I would like to introduce my new application SystemdGenie. Some of you may be familiar with systemd-kcm, a KCM module I wrote for managing systemd. SystemdGenie is basically systemd-kcm transformed into a proper application.
Nmap doesn't have the standard 'contributing to nmap' page that most open souce programs have on their websites. I am convinced that is one of the major reasons people keep asking "How to Contribute?" on the mailing list.
Managing disk space has always been a significant task for sysadmins. Running out of disk space used to be the start of a long and complex series of tasks to increase the space available to a disk partition. It also required taking the system off-line. This usually involved installing a new hard drive, booting to recovery or single-user mode, creating a partition and a filesystem on the new hard drive, using temporary mount points to move the data from the too-small filesystem to the new, larger one, changing the content of the /etc/fstab file to reflect the correct device name for the new partition, and rebooting to remount the new filesystem on the correct mount point.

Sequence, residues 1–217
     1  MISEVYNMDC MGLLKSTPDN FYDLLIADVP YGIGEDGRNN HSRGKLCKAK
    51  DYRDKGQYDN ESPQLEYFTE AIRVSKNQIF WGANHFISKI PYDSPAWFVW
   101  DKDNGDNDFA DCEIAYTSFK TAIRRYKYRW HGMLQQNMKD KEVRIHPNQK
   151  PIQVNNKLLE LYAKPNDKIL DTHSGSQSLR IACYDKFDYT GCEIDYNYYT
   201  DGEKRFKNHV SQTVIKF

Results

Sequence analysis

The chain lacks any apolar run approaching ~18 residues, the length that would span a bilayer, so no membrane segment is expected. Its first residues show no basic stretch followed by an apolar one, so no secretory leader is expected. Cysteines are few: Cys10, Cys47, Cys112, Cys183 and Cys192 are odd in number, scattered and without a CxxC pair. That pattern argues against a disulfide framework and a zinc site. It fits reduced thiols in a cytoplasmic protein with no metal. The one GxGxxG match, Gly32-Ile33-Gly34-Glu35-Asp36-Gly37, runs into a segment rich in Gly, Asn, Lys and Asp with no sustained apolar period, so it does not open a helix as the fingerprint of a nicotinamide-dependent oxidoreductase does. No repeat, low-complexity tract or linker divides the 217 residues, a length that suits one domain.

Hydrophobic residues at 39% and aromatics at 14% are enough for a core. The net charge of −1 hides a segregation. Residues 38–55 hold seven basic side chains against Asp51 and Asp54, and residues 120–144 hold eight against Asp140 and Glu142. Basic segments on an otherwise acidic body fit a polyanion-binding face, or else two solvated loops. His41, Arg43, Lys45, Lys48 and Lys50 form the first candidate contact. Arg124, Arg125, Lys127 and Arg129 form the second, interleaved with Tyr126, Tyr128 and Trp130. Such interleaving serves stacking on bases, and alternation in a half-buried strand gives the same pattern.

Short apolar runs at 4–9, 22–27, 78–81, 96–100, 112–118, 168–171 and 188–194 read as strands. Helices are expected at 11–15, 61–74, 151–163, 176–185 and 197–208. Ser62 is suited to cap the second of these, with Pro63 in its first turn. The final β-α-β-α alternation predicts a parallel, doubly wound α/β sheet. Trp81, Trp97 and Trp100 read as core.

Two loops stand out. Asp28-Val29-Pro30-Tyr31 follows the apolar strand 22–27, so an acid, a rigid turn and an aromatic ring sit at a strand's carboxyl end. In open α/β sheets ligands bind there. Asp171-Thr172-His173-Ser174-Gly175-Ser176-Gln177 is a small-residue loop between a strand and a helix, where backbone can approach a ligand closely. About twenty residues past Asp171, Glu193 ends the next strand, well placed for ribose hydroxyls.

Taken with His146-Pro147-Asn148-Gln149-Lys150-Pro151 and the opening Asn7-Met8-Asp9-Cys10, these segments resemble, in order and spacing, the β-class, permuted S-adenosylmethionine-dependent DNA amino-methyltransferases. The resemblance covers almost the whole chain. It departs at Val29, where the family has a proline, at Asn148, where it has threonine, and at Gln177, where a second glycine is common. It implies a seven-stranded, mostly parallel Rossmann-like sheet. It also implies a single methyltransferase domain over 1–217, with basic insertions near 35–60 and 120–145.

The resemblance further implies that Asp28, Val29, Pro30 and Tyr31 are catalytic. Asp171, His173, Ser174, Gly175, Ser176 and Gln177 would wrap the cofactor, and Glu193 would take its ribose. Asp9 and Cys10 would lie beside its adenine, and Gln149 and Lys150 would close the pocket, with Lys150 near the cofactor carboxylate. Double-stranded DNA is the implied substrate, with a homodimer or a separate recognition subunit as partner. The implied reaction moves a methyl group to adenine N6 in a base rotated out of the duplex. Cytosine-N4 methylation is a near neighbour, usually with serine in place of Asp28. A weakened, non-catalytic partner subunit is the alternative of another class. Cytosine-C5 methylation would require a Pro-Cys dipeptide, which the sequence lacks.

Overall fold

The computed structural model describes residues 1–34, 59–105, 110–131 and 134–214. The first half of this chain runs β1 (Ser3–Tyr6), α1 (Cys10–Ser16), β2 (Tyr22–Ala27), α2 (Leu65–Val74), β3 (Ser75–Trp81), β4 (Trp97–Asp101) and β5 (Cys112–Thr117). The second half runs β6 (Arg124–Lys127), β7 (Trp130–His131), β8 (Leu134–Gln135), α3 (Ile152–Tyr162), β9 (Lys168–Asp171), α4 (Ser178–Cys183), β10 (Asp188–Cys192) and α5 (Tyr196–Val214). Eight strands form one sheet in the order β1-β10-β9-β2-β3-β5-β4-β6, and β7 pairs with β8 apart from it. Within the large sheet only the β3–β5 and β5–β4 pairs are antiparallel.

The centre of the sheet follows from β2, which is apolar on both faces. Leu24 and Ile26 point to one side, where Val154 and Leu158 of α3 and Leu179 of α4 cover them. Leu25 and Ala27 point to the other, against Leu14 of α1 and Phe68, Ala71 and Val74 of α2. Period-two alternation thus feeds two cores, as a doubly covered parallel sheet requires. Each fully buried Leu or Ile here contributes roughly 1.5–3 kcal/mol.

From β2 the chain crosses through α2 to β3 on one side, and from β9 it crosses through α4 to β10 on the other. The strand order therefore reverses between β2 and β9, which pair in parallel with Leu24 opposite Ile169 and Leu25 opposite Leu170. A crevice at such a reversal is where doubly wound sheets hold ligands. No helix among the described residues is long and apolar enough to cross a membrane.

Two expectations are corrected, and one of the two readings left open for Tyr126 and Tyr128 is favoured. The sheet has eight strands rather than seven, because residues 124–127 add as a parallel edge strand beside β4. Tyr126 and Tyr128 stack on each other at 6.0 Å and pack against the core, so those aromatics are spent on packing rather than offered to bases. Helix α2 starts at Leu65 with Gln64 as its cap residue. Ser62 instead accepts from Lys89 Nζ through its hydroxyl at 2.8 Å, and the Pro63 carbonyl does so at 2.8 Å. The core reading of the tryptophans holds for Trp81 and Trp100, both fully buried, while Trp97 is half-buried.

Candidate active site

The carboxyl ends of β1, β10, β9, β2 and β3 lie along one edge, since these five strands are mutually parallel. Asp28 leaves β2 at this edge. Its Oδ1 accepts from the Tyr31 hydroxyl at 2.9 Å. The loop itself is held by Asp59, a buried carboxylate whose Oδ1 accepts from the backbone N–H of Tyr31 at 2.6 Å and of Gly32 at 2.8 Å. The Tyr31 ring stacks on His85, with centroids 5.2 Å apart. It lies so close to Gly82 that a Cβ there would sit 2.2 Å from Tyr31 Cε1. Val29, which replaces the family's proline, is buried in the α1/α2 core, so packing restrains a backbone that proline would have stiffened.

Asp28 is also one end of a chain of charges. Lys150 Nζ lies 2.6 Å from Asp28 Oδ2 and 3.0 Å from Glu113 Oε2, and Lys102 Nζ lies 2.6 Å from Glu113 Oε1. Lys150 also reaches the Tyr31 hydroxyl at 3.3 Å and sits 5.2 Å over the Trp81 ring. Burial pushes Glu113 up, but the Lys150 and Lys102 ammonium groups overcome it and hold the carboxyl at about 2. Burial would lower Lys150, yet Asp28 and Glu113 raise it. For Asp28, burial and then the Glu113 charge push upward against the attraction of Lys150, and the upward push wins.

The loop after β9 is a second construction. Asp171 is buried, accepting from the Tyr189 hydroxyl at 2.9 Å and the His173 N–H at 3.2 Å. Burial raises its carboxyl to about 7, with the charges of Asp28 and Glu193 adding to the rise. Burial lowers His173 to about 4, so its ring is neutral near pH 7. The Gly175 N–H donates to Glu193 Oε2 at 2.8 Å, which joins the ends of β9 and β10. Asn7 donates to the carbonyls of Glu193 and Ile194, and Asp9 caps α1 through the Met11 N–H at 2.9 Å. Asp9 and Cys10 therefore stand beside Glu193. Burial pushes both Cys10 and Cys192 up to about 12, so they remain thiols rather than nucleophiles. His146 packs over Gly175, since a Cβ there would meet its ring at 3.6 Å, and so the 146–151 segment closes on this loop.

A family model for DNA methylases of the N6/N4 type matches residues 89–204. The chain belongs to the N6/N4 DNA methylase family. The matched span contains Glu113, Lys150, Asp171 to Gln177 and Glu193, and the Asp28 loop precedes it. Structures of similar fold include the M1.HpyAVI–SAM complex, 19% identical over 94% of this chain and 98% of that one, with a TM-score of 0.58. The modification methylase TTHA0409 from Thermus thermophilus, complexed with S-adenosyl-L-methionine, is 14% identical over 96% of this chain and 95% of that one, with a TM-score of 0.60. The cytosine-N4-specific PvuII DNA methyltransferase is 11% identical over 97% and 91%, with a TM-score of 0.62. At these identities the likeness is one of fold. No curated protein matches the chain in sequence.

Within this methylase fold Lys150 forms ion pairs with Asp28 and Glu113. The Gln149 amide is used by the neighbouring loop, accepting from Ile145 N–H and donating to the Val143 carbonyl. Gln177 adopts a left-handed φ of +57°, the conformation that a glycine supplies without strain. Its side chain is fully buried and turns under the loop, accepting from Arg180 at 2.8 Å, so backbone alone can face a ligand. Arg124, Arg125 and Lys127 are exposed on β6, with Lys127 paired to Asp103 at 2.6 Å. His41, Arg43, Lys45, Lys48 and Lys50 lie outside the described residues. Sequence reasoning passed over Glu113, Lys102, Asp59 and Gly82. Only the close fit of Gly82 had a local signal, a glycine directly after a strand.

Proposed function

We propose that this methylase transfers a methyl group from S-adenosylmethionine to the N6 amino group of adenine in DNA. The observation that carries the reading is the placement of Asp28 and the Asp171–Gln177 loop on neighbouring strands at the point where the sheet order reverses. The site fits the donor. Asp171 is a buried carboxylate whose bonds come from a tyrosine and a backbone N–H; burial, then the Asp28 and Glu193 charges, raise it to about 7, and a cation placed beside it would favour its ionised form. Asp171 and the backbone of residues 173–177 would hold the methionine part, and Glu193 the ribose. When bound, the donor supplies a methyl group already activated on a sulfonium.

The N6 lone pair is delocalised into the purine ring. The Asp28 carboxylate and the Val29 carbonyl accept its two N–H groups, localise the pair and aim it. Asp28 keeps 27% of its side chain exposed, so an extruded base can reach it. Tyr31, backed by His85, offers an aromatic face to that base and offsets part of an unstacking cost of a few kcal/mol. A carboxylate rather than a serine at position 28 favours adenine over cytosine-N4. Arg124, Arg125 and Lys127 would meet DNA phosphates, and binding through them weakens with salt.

It would seem like all the big proprietary operating system vendors are working on knitting their desktop and mobile platforms tighter together. KDE Connect steps in to fill this gap between Linux and Android by acting as a bridge between the two.
When I first started on my journey with Linux, back in the late 1990s, there was one inevitability: the terminal. You couldn't escape it. The command line was a part of your daily interaction with the open source platform and that was that. Today's Linux is a much different beast. New and seasoned users alike can work with the platform and never touch the command line or terminal.
1976 was a good year for text editors. At MIT, Richard Stallman and Guy Steele wrote the virst version of Emacs. And over at Berkeley, Bill Joy wrote vi (though it wouldn't be called that for a few years yet).